‘ALT-RIGHT: Age of Rage’ Portends Clash of Political Extremes

In the documentary ALT-RIGHT: Age of Rage, filmmaker Adam Lough looks at the rise of the alternative right movement in America and its ideological components.

The “alt-right” movement, as it is often called, is a political grouping that combines racism, white nationalism, anti-Semitism and populism. The term has been embraced by white supremacists and white nationalist groups when referring to themselves and their ideology, an ideology that emphasizes the preservation and protection of the white race in the United States.

WATCH: ‘ALT-RIGHT: Age of Rage’ Documentary on the Political Polarization in America

“You can’t define the ideology of the ‘alt-right’ without mentioning white identity,” said filmmaker Adam Lough, who documents the rise of the movement and its leaders before, during and after the violent rally in Charlottesville, Virginia, August 12, 2018.

The alternative right organized the “Unite the Right” rally in Charlottesville to show its support for preserving Confederate monuments, memorials to the Confederate side of the American Civil War. The rally turned violent when white nationalists chanting racist slogans clashed with counter demonstrators. Many of the counter-demonstrators identified themselves as Antifa, an abbreviation for anti-fascists.

ALT-RIGHT: Age of Rage documents the rally and the violence culminating in the death of counter-protester Heather Heyer, who was run down by a car. The driver, a neo-Nazi supporter, has been charged with murder and other counts. His trial is scheduled for November.

What’s fueling the movement?

Lough says various factors, including the economy, immigration and even feminism, have fueled much of the anger in the “alt-right” movement. 

“The idea of white Identity and there being a crisis in the country that white people are being pushed to the back of the line, so to say, by people of color, by immigrants, by Muslims, and in a big way, by women. They would prefer that women play the role they had back in America of the ’50s, where they were in the kitchen, barefoot and pregnant, they feel that women were happier back then when life was better.”

Lough also points out that this extreme fringe conservative movement rejects mainstream conservatism. 

“They consider mainstream Republicans to … have sold out their party, so they reject the mainstream Republican line of the party,” the filmmaker said.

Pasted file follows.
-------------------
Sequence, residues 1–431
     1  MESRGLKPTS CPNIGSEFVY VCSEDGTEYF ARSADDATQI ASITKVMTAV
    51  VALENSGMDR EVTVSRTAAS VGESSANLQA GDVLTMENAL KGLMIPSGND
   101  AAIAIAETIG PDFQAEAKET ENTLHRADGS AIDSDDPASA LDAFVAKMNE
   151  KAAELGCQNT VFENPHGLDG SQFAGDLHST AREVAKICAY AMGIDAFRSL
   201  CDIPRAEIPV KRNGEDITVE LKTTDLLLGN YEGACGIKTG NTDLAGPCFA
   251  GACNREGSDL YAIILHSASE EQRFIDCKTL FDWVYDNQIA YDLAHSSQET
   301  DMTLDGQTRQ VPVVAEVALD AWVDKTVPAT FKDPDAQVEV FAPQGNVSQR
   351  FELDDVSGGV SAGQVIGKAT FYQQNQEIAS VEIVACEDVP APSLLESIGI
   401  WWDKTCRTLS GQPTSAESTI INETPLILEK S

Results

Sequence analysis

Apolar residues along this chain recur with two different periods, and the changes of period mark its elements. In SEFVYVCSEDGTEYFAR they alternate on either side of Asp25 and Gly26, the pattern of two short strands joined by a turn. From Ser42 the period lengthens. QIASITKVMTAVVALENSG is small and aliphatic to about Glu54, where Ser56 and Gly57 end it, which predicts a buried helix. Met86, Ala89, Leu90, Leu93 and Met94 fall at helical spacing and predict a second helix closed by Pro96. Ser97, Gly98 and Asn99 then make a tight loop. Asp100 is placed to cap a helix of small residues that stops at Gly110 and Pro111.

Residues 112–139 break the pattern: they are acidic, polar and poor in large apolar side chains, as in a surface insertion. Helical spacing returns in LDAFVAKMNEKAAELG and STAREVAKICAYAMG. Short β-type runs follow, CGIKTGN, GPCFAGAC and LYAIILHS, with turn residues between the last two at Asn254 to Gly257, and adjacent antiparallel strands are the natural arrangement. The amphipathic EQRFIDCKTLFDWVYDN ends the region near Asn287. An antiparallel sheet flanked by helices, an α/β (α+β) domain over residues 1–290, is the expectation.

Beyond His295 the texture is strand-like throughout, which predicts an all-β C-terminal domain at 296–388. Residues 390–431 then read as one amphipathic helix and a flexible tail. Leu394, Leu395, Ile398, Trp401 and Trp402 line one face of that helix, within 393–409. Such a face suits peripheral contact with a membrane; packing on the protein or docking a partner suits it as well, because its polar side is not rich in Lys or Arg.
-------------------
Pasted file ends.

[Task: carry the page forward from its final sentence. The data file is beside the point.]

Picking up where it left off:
WATCH: Trump Blames Both Sides for Racial Violence at Virginia Rally

In his film, Lough shows how white nationalist social media has bolstered the “alt-right” and how the movement was emboldened by President Trump’s controversial comments regarding “alt-right” violence in Charlottesville, saying responsibility lay “on many sides.” 

“One can see that Donald Trump has been dog-whistling at the ‘alt-right’ since the very beginning, going as far back as the birther movement,” Lough said. “The birther movement is basically about Barack Obama not being a American U.S. citizen. Being a citizen of Kenya, being a Muslim. So, if you want to go back into Donald Trump’s legacy with the ‘alt-right,’ I think that’s where it starts. I think it ratcheted up during the election and kind [of] came [to] a head with Charlottesville when he at first refused to even condemn the violence that had happened on that particular side by the ‘alt-right,’ and claimed that both sides were evenly guilty.”

Lough also looks at the leadership of the “alt-right” and its role in the growth of the movement.

Among them is Richard Spencer who coined the phrase “alt-right” in 2008. Another white nationalist, Jared Taylor, wrote the book “Racial Consciousness in the 21st Century” and advocates for the creation of an ethno-racial state. 

“Jared Taylor is very much the godfather of the ‘Alt-Right’ and of modern white nationalism. He has an incredible influence amongst that group of people. He has “The American Renaissance.” It used to be a magazine, now it’s a website that is viewed on a daily basis by all those in the white nationalist, white pride community.”

The documentary also looks at the antifa, a combustible mix of activists who have become the nemesis of the “alt-right.”

“Antifa is on the polar opposite of the spectrum from the ‘alt-right.’ They are far left, hard left. Antifa runs the gamut from your garden variety socialist, to a more extreme communist to almost a militarily guerrilla warfare style communist, who are advocating violence against the ‘alt-right,’” Lough said.

Lough says long simmering socio-economic forces have given rise to extreme ideological differences, spelling the end for the moderate middle. Sooner or later he says, proponents of the “alt-right” on one hand, and the antifa on the other are set on a collision course. 

your ad here

Confirmation Hearings for Supreme Court Nominee Kavanaugh Open Sept. 4

Confirmation hearings for U.S. Supreme Court nominee Brett Kavanaugh will begin on Sept. 4, Senate Judiciary Committee Chairman Chuck Grassley announced in a statement on Friday.

Opening statements by committee members will take place on Sept. 4, and the questioning of Kavanaugh will start the following day, the committee statement said. The hearings are expected to last three or four days.

Republican President Donald Trump nominated Kavanaugh, 53, on July 9 to replace retiring Justice Anthony Kennedy. Before he can assume the lifetime job on the nine-member court, the Republican-controlled Senate must vote to confirm him.

your ad here

Confirmation Hearings for Supreme Court Nominee Kavanaugh Open Sept. 4

Confirmation hearings for U.S. Supreme Court nominee Brett Kavanaugh will begin on Sept. 4, Senate Judiciary Committee Chairman Chuck Grassley announced in a statement on Friday.

Opening statements by committee members will take place on Sept. 4, and the questioning of Kavanaugh will start the following day, the committee statement said. The hearings are expected to last three or four days.

Republican President Donald Trump nominated Kavanaugh, 53, on July 9 to replace retiring Justice Anthony Kennedy. Before he can assume the lifetime job on the nine-member court, the Republican-controlled Senate must vote to confirm him.

your ad here

Charlottesville White Supremacist Protest Recalled One Year Later